Full load adjustment of this meter is typically accomplished by a pre-calibration step and a final calibration step. During the pre-calibration step, a fixed value resistor is soldered into the full load adjust circuit after its value is determined from the results of an accuracy test performed on the measurement circuit. Then, during subsequent calibration steps, the potentiometer is adjusted until the meter is calibrated to within a few hundredths of a percent of 100% registration. The non-unity power factor adjustment step, which is performed after the full load calibration step, includes the steps of turning a 16-position binary-coded switch (BITS 0-3) until the "lag" registration is within 0.1% of the full load registration. Both the full load and lag final calibration adjustment steps are performed by trial and error. Typically, a calibration reading is taken manually or by a computer and then a test operator turns the potentiometer or switch in the appropriate direction so that the next calibration reading is within final limits. If not, another calibration step is performed and then repeated, if necessary, until proper registration is achieved. Besides the obvious expenses associated with this form of manual calibration, the potentiometer is also susceptible to "creep", which means that the resistance of the potentiometer can shift to higher or lower values during installation and/or during the lifetime of the meter. In addition, both the potentiometer and binary-coded rotary switch are relatively expensive.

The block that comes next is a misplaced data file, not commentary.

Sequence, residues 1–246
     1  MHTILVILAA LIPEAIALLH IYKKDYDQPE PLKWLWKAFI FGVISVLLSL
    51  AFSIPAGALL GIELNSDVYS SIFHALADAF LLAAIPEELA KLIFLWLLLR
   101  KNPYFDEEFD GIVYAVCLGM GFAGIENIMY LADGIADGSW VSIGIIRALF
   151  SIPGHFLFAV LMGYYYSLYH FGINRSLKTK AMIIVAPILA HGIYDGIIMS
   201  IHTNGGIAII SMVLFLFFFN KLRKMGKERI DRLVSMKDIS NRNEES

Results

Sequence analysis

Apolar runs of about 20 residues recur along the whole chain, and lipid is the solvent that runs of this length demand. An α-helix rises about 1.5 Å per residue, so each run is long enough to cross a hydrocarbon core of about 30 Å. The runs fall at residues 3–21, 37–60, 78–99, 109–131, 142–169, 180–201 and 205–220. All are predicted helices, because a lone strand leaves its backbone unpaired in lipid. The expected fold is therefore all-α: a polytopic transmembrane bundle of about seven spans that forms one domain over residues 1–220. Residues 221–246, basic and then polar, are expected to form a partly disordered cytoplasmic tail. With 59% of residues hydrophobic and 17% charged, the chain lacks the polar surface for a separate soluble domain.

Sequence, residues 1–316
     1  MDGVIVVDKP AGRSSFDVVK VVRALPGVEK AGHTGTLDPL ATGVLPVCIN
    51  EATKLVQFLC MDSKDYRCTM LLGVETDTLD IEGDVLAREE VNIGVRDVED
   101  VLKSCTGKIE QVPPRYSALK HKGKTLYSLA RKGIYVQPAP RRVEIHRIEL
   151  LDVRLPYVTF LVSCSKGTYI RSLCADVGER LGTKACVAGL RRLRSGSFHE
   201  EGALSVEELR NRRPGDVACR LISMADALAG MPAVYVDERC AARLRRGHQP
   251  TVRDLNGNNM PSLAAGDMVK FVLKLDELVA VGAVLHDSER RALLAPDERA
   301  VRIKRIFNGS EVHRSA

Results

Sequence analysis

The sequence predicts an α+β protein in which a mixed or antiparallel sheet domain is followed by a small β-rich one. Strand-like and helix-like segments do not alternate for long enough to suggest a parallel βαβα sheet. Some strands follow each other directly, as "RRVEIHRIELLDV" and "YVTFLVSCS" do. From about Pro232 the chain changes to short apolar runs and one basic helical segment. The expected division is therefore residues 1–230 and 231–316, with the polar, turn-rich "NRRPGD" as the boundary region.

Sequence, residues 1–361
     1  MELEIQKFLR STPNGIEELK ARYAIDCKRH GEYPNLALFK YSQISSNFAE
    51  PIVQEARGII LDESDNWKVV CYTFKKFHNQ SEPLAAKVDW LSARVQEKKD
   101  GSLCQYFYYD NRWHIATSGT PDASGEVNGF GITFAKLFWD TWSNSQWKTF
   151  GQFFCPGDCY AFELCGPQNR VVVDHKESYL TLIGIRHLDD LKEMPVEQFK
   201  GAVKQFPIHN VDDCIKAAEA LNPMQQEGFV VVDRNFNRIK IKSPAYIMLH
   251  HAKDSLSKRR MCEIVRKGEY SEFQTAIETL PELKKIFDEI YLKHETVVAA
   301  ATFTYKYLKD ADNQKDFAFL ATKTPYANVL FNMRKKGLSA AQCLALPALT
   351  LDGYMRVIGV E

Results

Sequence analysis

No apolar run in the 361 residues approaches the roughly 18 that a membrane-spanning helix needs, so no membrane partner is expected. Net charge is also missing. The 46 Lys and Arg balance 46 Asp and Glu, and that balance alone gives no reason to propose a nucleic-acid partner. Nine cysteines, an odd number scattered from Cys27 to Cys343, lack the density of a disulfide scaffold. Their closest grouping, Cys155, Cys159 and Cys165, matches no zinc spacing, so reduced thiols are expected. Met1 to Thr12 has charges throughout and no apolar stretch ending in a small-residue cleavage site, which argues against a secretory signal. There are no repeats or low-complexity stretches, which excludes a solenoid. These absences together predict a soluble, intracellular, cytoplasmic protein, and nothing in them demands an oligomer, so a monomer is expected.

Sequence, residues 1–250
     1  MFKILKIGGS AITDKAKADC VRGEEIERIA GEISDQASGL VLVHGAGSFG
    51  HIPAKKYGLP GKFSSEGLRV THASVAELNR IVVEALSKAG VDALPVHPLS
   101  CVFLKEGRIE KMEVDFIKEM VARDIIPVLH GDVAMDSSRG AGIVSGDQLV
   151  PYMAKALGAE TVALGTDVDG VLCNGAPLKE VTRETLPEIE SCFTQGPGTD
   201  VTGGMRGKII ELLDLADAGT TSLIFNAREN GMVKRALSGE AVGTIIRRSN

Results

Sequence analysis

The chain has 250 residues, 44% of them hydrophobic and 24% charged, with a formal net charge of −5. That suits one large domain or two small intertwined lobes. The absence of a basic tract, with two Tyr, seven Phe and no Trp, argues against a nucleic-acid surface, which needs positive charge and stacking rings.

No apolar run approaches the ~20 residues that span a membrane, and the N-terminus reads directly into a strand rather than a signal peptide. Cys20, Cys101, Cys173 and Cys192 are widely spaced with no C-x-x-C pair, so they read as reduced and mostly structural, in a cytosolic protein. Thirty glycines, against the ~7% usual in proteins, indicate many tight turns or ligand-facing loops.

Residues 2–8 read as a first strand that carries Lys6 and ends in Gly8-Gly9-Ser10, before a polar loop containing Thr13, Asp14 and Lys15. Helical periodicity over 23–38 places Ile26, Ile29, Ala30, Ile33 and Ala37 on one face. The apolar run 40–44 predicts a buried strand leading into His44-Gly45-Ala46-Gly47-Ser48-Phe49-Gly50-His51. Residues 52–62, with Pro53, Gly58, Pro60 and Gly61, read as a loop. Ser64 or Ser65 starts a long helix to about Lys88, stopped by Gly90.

One attempt to prevent potentiometer "creep" is disclosed in U.S. Pat. No. 4,843,306 to Meuller. In particular, Meuller discloses a meter having a pair of calibration resistors which can be removed and replaced with other resistors during initial and field calibration. However, in order to calibrate the meter, repeated "trial and error" calibration steps may be necessary to achieve final calibration, which can be time consuming and expensive as explained above.
Thus, notwithstanding these prior art meters, there still exists a need for an electrical energy meter of low cost design which can be simply and accurately calibrated.
It is therefore an object of the present invention to provide an apparatus for accurately measuring electrical energy and other related quantities.
It is another object of the present invention to provide an apparatus for measuring electrical energy which can be calibrated prior to installation in the field, and method of calibrating same.
It is a further object of the present invention to provide an apparatus for measuring electrical energy which does not require the performance of repeated trial and error calibration steps to achieve final calibration.